RP: We worked with Hank Amos and Mike Massa, who are stunt coordinating on it. I think they developed some really great ideas, structural choreography, and then allowed us to play within that. My character is definitely active on Purge night; you’re running, you’re in contact with other people, so definitely you’ll find my character involved in altercations (laughs). I feel like visually, those altercations look really, really cool, even in stuff like some of the commercials that have been airing. I see little snippets and that choreography just looks really awesome on camera, so I’m excited for it.

DC: What was it like working with director Gerard McMurray?
RP: Gerard is amazing! I owe Gerard so much as far as creating a space for me to flourish. He had a lot of trust in what I brought to Skeletor, what I brought to my audition, what I brought to set, and was very supportive of me taking the chances I wanted to take and making the decisions I wanted to make and then guiding that once I’d made them. He created a set where we all felt safe to play and I think that will show when you see fully realized characters onscreen.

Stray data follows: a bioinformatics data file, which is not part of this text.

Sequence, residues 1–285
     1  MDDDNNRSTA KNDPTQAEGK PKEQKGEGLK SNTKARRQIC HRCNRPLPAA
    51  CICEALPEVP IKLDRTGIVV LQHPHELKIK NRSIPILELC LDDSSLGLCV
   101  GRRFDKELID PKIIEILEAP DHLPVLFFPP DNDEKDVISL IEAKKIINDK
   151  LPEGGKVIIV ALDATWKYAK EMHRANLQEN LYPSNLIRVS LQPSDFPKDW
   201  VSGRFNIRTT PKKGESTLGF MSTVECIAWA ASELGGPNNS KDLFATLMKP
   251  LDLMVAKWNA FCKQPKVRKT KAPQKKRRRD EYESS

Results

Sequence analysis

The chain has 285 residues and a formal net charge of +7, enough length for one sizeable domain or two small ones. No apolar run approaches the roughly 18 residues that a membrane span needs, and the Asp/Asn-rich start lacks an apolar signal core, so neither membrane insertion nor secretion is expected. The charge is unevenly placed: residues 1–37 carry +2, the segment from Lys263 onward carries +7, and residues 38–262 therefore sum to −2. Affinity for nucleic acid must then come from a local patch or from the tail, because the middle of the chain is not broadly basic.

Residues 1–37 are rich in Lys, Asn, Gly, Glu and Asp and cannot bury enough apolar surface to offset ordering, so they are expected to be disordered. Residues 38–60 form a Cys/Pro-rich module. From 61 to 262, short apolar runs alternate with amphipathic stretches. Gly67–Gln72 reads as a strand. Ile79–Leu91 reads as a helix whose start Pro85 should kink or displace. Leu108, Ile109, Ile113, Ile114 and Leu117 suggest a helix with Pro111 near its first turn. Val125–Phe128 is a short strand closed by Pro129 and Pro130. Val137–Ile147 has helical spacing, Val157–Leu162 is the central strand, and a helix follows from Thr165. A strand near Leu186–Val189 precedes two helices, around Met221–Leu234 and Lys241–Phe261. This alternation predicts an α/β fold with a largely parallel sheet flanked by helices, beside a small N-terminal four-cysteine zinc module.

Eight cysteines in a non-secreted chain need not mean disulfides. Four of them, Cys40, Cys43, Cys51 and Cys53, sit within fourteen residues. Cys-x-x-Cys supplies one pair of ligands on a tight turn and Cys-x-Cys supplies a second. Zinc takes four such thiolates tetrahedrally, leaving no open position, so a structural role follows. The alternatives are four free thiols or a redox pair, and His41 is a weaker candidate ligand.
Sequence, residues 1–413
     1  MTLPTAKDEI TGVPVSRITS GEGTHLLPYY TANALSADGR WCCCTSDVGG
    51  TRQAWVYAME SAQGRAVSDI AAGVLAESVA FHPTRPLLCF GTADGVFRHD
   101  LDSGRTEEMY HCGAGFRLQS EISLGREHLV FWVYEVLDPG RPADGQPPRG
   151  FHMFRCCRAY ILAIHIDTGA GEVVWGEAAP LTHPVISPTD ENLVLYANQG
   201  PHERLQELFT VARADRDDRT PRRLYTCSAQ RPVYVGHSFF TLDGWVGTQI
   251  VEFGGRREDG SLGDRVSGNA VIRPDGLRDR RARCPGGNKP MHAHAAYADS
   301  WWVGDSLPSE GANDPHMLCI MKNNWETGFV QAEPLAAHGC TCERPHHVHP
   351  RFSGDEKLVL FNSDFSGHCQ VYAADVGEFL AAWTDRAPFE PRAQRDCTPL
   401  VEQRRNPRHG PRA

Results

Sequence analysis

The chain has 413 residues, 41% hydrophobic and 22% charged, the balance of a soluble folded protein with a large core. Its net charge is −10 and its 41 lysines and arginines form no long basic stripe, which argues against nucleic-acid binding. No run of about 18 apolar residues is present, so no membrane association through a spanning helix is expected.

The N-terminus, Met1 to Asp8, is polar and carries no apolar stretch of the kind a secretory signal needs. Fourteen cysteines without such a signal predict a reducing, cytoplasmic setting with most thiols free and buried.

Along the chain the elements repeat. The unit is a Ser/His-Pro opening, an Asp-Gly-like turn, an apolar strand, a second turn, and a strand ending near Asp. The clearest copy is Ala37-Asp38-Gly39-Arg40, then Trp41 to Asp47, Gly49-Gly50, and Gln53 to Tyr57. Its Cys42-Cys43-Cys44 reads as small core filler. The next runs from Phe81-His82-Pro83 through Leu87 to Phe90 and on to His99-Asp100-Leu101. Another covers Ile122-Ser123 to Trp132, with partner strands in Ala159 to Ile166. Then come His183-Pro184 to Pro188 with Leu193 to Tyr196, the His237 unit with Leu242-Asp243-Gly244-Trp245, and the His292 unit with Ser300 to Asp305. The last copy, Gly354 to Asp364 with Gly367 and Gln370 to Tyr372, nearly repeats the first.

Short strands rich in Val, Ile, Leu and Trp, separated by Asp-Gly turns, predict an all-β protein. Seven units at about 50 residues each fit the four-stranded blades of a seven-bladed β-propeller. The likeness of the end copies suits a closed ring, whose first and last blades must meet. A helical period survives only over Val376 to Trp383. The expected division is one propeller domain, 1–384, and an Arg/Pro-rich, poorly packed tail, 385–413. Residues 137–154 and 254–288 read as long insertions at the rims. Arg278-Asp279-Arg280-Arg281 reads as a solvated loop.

Even in rehearsals, he would allow us to talk through what we feel in the moment and what we would be getting at as far as motivation in this moment and he would listen. He would literally sit back and say “Okay, okay this works. We can do this, this maybe not so much.” He had a vision, but allowed us to kind of play within that vision and I’m forever thankful. For a lot of us, I think we’re going to be introduced, really in this film, and he had a lot of trust with people who are making kind of their big splash. He had a lot of trust in us.